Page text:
50 Years of the Coup d’état in Chile: The Chilean Right Wing Will be Absent from the Commemoration

The Chilean right will be absent from commemorative events for the 50th anniversary of the coup, organized by the Government of Gabriel Boric .

Francisco Muñoz aka 'Pancho Malo', leader of the 'Team Patriota' group, speaks during a demonstration on September 2, 2

Photo: EFE/ Elvis González


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Leer en español: 50 años del golpe de Estado en Chile: La derecha chilena se ausentará de la conmemoración

The traditional Chilean right, grouped in the Chile Vamos coalition, announced this Wednesday that it will be absent next Monday from the commemorative acts for the 50th anniversary of the coup d'état and said that it will not sign the declaration in favor of democracy promoted by the president Gabriel Boric.

The reasons for the absence

The president of the Independent Democratic Union (UDI, one of the parties of the conglomerate), Javier Macaya, explained that they refuse to go to the ceremony at the La Moneda presidential palace because they do not want to participate in possible "apologies for figures that we do not think deserve tributes like President Salvador Allende".

"Everything that the government has done in recent months has been to contribute to generating a climate of confrontation, of hatefulness, of imposing a single historical truth," added Macaya, whose party was founded by Jaime Guzmán, ideologue of the current Constitution, in force since the military dictatorship.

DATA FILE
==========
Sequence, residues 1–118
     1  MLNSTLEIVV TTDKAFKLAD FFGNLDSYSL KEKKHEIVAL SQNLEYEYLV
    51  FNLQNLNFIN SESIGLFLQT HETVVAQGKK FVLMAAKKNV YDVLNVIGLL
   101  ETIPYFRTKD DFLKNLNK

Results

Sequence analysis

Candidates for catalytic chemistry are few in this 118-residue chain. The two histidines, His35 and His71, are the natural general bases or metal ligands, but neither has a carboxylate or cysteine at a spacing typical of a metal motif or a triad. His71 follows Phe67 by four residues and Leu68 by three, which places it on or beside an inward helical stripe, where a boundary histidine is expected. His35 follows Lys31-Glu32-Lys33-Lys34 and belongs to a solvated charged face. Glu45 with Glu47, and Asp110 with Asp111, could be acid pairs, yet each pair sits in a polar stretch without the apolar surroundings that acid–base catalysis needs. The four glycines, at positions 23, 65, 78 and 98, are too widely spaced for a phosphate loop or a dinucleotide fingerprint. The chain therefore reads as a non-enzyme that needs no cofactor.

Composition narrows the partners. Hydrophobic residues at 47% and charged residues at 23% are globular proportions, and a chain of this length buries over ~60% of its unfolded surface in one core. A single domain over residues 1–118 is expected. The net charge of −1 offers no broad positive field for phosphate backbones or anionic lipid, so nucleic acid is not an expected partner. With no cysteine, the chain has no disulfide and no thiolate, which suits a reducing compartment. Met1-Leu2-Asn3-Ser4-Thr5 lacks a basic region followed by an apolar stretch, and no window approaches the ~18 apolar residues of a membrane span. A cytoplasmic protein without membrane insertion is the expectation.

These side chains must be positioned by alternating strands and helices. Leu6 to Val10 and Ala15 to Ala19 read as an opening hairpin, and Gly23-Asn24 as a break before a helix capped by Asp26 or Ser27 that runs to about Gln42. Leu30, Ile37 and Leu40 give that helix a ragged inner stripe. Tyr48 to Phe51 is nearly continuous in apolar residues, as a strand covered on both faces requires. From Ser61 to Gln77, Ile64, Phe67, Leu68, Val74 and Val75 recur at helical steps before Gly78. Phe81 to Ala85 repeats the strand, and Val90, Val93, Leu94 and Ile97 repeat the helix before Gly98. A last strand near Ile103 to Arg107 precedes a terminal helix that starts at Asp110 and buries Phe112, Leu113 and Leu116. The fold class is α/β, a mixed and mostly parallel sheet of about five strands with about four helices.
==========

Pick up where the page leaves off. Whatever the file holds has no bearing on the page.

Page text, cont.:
For his part, Fuad Chaín, president of Renovación Nacional (RN), another of the Chile Vamos parties, asked the president to have "a calling message around September 11, 2023" and assured that "he will be responsible if we have a peaceful day or a violent day".

What is commemorated?

September 11 marks 50 years since General Augusto Pinochet led a coup against the government of socialist President Salvador Allende (1970-1973), who committed suicide in the La Moneda presidential palace before being caught by troops military.

Read also: The Challenges Of Gabriel Boric As President Of Chile

The Chilean government has organized a large citizen event for that day in a square near the presidential palace, which will be attended by several world leaders, such as the Mexican Andrés Manuel López Obrador, the Colombian Gustavo Petro, the Argentine Alberto Fernández, the Uruguayan Luis Lacalle Pou and the Portuguese António Costa, among others.

The commemoration of the 50th anniversary of the coup is generating great polarization and tension in Chile and Boric, the first president to be born after the military rebellion, described the atmosphere as "electric" last week.

The 37-year-old former student leader wants to sign a four-point declaration in favor of democracy that day, which is strongly opposed by both Chile Vamos and the far-right Republican Party.

Chile Vamos presented its own statement on Wednesday and insisted on also condemning "the violations of fundamental rights" that occurred during the Government of Allende's Popular Unity (1070-1973) and "even those produced today."

According to Gloria Hutt, leader of Evópoli, the third party in the coalition, "it reflects our willingness to avoid breakdowns like the one we had in 1973 and the importance we attach to protecting democracy."

The coup began a cruel 17-year dictatorship that left more than 40,000 victims, including at least 3,200 murdered opponents.

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